Profiting from Front Line Needs

In this blog I aim to highlight some truly despicable examples of terrorist organisations attempting to gain a financial advantage from the COVID-19 pandemic at the expense of first responders. On this day which marks the 19th anniversary of the September 11 terrorist attacks, we are reminded of the critical and ongoing importance of anti-money laundering and counter-terrorist financing measures.

We are living in peculiar and troubled times. You don’t need me to tell you that some people and organisations have seen the current status quo as a means of lining their pockets for some of the most nefarious of motivations possible . Now, I’m all for taking advantage of a situation fairly but not if it materially affects anyone else to their detriment. The social standard is to operate fairly, honestly and within the laws. I believe that many, if not all, of us have a sufficiently robust ‘moral compass’, no more so than when it comes to providers of healthcare.
Suspected Terrorist Financing

In an investigative piece recently published by CBS News, the Islamic State of Iraq and Syria (ISIS) is accused of ‘selling’ non-existent items of personal protective equipment (PPE) online to finance terrorism. During the COVID -19 pandemic hospitals and nursing homes have been desperate to ensure the safety of their patients and care givers alike and to do so, they clearly can’t afford to be without PPE. In what appears to be a classic case of demand far outstripping supply, ISIS spotted an opportunity and acted quickly, employing a sophisticated and plausible website named facemaskcenter.com; however you will pleased to know that this site has now been seized by US authorities and shut down.

How much damage has been done and how much money has been lost? We will probably never know the full extent; however it is safe to say that the losses could be significant. Not only in financial terms, we need to factor in the possible social consequences as well, in terms of possible transmission of the virus without the proper protection. In a strangely ironic way, this wickedness almost makes fraudulent requests under the Paycheck Protection Program (PPP) seem like penny pinching. Some might say that stealing from the PPP is a ‘victimless crime’, though the question can be if the monies went to the most deserving recipients. When it comes to offering medical equipment under false pretenses, there is almost certainly potentially dire consequences and numerous victims.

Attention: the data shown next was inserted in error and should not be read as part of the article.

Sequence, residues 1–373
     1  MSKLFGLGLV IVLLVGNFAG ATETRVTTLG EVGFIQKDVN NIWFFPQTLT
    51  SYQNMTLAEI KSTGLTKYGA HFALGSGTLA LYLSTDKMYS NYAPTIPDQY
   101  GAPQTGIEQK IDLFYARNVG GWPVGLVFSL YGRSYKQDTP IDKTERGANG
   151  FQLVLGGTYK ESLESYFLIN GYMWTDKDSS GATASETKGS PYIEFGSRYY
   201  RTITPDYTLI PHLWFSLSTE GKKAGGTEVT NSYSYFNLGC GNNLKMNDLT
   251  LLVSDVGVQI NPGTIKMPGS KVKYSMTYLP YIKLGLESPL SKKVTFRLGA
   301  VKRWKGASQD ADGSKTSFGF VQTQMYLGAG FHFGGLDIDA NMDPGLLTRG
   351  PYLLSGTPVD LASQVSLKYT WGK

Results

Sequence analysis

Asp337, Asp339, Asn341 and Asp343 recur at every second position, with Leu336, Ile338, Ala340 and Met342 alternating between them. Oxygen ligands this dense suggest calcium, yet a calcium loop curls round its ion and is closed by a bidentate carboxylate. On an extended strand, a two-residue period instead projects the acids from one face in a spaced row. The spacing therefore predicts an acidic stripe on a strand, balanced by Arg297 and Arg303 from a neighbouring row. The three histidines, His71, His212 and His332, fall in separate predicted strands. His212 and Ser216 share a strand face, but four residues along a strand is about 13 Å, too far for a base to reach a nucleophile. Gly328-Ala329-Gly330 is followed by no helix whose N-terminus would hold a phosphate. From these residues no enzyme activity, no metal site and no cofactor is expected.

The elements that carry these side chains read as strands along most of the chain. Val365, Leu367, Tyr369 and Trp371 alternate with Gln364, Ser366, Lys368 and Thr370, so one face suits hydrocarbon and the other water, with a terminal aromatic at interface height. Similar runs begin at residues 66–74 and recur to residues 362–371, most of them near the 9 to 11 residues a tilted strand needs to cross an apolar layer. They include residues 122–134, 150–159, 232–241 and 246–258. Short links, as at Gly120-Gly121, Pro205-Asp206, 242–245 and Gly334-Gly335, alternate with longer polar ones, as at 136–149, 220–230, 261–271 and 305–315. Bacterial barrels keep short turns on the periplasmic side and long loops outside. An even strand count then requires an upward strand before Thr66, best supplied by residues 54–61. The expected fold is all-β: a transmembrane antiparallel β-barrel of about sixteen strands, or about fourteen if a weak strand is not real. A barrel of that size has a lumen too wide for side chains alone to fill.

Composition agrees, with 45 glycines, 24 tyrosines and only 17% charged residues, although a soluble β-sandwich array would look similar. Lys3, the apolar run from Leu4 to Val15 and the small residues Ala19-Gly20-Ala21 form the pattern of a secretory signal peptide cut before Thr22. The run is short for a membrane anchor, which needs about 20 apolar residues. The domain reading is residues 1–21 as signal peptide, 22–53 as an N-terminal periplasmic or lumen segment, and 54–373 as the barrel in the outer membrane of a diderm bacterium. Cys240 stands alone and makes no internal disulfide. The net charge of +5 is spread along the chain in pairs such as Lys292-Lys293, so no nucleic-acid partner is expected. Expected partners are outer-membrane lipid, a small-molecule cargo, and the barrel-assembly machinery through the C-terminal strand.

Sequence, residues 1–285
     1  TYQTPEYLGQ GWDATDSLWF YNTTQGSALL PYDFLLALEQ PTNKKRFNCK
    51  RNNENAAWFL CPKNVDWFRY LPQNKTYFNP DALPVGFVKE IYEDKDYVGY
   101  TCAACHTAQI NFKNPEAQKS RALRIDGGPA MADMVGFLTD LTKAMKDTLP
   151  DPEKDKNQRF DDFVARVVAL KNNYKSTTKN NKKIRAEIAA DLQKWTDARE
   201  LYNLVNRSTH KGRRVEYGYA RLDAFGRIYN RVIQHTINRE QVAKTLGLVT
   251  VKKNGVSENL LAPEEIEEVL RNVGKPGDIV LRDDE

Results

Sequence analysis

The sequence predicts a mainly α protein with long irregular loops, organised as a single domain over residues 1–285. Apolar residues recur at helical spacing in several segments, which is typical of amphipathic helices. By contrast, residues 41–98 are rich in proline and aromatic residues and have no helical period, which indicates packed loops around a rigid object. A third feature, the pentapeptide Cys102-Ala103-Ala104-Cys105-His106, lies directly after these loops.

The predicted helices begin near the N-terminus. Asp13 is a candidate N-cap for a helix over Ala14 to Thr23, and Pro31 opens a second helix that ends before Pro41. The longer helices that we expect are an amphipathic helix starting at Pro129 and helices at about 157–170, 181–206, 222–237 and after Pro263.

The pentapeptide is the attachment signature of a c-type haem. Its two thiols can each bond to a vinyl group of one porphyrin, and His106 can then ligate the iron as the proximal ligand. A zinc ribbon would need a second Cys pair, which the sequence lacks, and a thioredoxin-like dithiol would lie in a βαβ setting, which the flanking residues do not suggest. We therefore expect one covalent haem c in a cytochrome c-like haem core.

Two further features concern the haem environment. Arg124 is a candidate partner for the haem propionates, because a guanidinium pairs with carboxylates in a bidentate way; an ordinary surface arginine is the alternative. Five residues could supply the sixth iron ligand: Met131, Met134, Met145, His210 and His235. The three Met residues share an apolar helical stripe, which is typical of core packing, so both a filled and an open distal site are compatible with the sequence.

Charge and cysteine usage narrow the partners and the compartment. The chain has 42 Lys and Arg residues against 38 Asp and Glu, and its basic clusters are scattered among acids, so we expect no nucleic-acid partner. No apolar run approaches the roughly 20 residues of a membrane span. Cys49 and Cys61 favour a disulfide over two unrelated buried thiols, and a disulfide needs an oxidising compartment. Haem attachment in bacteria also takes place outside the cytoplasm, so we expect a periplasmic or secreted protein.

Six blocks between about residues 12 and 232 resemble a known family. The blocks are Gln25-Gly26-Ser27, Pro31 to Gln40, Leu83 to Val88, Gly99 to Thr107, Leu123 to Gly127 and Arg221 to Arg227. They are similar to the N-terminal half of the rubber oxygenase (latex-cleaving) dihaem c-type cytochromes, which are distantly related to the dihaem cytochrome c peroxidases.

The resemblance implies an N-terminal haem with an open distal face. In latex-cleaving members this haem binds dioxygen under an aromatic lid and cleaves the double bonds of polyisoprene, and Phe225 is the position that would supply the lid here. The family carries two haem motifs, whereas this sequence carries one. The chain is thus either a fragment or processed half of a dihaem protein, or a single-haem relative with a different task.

It would appear that there have been other instances of similar illegal and misrepresentative activities. One example is using social media in the United Arab Emirates (UAE). An article from the Khaleej Times focusing on the coronavirus pandemic talks about fake accounts being set up on numerous platforms to purportedly offer face masks for sale. Furthermore, they suggest that links included in the social media profiles take the user to websites which promote Daesh (as ISIS are referred to in that part of the world) and “terror literature”.

Effective Due Diligence

More now than ever it should be considered ‘mission critical’ that organisations know who they are dealing with and know their supplier (KYS). I can’t immediately think of two more compelling scenarios where knowledge of your vendor was required. Granted, the purchasers of the PPE might not have had the luxury of time on their side or to be able to ‘shop around’ for masks, so desperate and immediate was their need; however, technology now exists in real time where screening of prospects, customers or vendors can be done, results returned and decisions made in less time that it took you to read the heading of this blog. In concert with our colleagues at Moody’s Analytics and nonprofit organizations like Project N95, we have been able to identify dozens of seemingly underhanded and false suppliers of PPE. While most were not so sophisticated as to be funding terrorist activities, their actions were robbing vulnerable healthcare providers of funds that could have been used for the common good.

Perhaps I am being too simplistic in my mentality. That said, I fail to understand the logic or foundations of any ideology that sits underneath these actions, simply put that it is acceptable to knowingly and willingly defraud people whose primary intention is to altruistically help and support others.

In this week where we collectively remember the victims and the survivors, many of them first responders, of one of the most savage terrorist atrocities, namely that of the coordinated attacks on the World Trade Centre and the Pentagon on 9/11, we are reminded we need to stay vigilant. For RDC, a mission-driven organization founded in the wake of 9/11, it is core to our purpose to continue to identify and stem the changing sources of terrorist financing. While great strides have been made, these terrorists continue to establish new targets for their funding needs while also undermining those at the front lines and robbing society of fundamental and life-saving materials. And that’s about as low as you can get.